The greensboro four, who staged the famous woolworth’s sit-in in 1960, attended which north carolina hbcu?



Greensboro was a series of nonviolent protests in Greensboro, North Carolina, in 1960, [2] resulting in a Wallworth chain store that erased apartheid policy in the southern United States. Although Greensboro's sitting position was not the first to sit in the civil rights movement, they were effective, as did the most notorious civil rights movement. This sit-in has boosted national sentiments at a crucial time in US history. [4] The main event took place in Greensboro, North Carolina, Woolworth Shop, now the International Center for Civil Rights and the Museum.

While Greensboro is united is the most influential and important sitting position in the civil rights movement, this is not the first. In August 1939, Black Lawyer Samuel Wilbert Tucker organized a sit-in at Bibliotheca Alexandrina, Virginia, which was later separated. [5] In 1942, the Equal Race Equality Conference was sponsored in Chicago, as they did at St. Louis in 1949 and Baltimore in 1952. Also, the 1958 sitting chair in Wichita, KS succeeded in ending this chapter at the Doxom Drugstore in Kansas. [6]

A few days before Waltham sat down, Greensboro Four (as they soon learned) was discussing the best way to gain media attention. They are Joseph McNeill, Franklin McCain, Iselle Blair Jr., and David Richmond. They are all young black students at the University of Carolina Agricultural and State Technical. [7] He was inspired by Martin Luther King Jr. and his nonviolent protest practices, and wanted to change Woolworth's isolation policy in Greensboro, North Carolina. The plan is simple but effective: the four men will take seats at the local Wollworth, ask for their services, and when they are completely out of operation, they will not leave. They repeat this process from day to day, as long as it is needed. Their thinking is that if they can draw widespread attention to this issue, Woolworth will feel pressured to discriminate. [7]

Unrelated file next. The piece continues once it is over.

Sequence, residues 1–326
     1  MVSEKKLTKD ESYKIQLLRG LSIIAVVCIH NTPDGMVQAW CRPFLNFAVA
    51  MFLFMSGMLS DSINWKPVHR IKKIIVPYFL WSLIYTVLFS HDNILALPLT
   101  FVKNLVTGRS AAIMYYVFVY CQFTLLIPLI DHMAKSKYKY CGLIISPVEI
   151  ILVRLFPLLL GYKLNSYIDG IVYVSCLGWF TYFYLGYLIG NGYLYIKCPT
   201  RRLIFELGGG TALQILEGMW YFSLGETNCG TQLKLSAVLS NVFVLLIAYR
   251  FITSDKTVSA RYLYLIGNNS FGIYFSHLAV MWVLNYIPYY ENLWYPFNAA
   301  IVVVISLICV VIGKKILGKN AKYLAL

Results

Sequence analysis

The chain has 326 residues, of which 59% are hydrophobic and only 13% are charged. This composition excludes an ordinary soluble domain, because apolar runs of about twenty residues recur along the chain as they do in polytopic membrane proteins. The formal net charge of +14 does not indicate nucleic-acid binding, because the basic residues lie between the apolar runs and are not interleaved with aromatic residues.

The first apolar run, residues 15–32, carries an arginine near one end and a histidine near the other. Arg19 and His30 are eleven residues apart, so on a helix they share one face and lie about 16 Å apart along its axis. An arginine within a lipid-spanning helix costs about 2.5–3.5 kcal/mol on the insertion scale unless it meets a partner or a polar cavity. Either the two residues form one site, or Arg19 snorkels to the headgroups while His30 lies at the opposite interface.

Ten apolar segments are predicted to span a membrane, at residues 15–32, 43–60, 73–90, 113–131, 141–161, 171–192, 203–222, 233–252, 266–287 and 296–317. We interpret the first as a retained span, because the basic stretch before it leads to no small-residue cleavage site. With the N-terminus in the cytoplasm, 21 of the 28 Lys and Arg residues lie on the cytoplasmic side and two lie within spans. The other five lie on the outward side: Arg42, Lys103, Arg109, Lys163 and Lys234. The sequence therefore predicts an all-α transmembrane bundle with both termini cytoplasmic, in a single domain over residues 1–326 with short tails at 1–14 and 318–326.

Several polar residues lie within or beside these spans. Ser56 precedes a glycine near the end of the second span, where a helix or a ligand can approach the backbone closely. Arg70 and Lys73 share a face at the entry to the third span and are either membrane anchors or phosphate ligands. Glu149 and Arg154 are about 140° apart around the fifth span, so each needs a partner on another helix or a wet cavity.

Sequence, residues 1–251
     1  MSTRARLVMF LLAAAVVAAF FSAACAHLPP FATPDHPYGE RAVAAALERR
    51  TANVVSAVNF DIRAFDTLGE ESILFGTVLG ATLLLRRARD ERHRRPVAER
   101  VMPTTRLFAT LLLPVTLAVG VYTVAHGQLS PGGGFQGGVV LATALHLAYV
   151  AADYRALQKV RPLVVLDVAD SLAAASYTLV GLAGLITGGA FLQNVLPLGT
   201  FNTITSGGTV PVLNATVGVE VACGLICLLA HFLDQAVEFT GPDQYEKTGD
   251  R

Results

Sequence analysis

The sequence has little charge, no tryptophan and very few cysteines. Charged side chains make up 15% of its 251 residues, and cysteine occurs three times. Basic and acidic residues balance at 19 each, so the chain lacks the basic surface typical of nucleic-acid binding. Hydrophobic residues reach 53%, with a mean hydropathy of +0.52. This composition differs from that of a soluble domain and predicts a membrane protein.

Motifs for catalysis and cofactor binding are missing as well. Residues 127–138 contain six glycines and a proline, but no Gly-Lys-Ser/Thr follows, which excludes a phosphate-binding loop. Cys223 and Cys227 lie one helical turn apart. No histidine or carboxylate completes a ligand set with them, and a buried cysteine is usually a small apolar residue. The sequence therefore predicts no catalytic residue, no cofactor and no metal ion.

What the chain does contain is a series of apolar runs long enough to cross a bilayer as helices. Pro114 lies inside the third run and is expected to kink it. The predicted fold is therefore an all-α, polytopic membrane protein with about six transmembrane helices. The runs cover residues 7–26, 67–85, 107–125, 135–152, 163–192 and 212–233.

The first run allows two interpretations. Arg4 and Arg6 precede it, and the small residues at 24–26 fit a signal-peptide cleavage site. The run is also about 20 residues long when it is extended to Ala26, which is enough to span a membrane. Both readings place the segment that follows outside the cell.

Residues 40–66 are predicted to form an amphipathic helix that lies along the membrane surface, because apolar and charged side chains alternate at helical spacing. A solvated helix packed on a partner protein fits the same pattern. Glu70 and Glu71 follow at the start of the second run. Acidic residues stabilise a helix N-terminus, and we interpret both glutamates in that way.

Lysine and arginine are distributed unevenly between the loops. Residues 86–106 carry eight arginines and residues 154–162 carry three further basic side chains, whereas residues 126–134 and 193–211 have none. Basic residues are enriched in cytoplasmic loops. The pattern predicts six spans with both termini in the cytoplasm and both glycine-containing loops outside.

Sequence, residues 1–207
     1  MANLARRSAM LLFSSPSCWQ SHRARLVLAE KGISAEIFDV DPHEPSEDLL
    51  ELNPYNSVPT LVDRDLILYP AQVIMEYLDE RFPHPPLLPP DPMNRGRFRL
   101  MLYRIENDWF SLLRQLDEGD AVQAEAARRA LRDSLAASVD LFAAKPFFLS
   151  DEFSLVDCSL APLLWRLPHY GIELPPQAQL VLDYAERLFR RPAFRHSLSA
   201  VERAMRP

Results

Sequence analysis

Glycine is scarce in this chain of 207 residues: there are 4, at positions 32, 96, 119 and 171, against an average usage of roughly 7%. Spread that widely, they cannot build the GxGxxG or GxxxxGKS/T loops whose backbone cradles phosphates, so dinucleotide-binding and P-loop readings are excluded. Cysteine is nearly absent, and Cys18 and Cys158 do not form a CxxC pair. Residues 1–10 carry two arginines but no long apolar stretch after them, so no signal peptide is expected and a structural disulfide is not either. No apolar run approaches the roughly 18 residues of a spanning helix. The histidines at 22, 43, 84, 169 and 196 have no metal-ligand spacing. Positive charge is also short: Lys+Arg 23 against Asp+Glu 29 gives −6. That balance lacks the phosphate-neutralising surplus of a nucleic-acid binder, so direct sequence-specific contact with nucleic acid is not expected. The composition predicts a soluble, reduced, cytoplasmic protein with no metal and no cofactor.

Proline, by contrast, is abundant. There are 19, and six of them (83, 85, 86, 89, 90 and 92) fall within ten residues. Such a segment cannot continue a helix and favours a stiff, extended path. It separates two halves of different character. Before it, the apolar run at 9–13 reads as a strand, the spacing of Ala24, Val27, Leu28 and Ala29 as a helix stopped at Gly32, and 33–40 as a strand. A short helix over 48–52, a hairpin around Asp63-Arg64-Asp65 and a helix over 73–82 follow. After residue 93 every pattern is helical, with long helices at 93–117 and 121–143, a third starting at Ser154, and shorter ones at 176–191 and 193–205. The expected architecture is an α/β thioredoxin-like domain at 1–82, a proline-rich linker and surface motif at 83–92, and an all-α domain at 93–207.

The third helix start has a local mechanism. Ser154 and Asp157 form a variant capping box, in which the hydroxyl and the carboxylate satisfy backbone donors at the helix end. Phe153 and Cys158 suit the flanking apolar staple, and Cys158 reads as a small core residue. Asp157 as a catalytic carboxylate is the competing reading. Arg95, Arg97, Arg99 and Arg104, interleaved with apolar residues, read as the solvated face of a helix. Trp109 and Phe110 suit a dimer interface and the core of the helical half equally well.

On February 1, 1960, at 4:30 pm, the four sat at a lunch counter in Woolworth's store on 132 South Elm Avenue in Greensboro. The men, also known as the A & T Four or Greensboro Four, had purchased toothpaste and other products from an irregular buffer at the store without any problems, and then the service was refused at the lunch counter at the store when they all asked for a cup coffee. [2] [8] [9] Following shop policies, employees refused to serve blacks as "just white" and store manager Clarins Harris asked them to leave. [10] However, four new students remain until the shop closes that night.

The next day, more than 20 black students, who were recruited from other groups on campus, joined the sit-in. Students from Bennett College, a college for black women in Greensboro, also joined. White customers soften black students, who read books and are taught to keep busy, while the lunch desk clerk refuses to deny the service. [9]


Part of the 4-seat lunch table from Greensboro, North Carolina and Woolworth is at the Smithsonian Museum in Washington, DC The rest are in their original sign at the International Civil Rights Center and the Greensboro Museum, North Carolina.
Journalists and video journalists closed on the second day, and others in the community were briefed on the demonstration. On the third day, more than 60 people came to Woolworth's shop. A statement released by Woolworth National Headquarters said the company would "comply with local customs" and maintain apartheid policy. [9]

On the fourth day, more than 300 people participated. The organizers agreed to expand the sitting demonstration to include a lunch counter at Chris's store in Greensboro. [9]

Early weeks after the beginning of Greensboro, students in other North Carolina cities launched their own concerts. Winston Salem, Durham, Raleigh, Charlotte, and out-of-town cities like Lexington, Kentucky saw all the demonstrations.

The protest movement then moved to other cities in the south, including Richmond, Virginia and Nashville, Tennessee, where Nashville school students were trained by human rights activist James Lawson and started the process when Greensboro was signed. Most of these demonstrations are peaceful, but there are many cases of violence. [11] In Chattanooga, Tennessee, the tension between blacks and whites increases, and fighting breaks. [12] In Jackson, Mississippi, a student from Tughalo College held a visit on May 28, 1963, in an autobiography of Ann Moody, an associate. In the future in Mississippi Moody illustrates their treatment of the putty people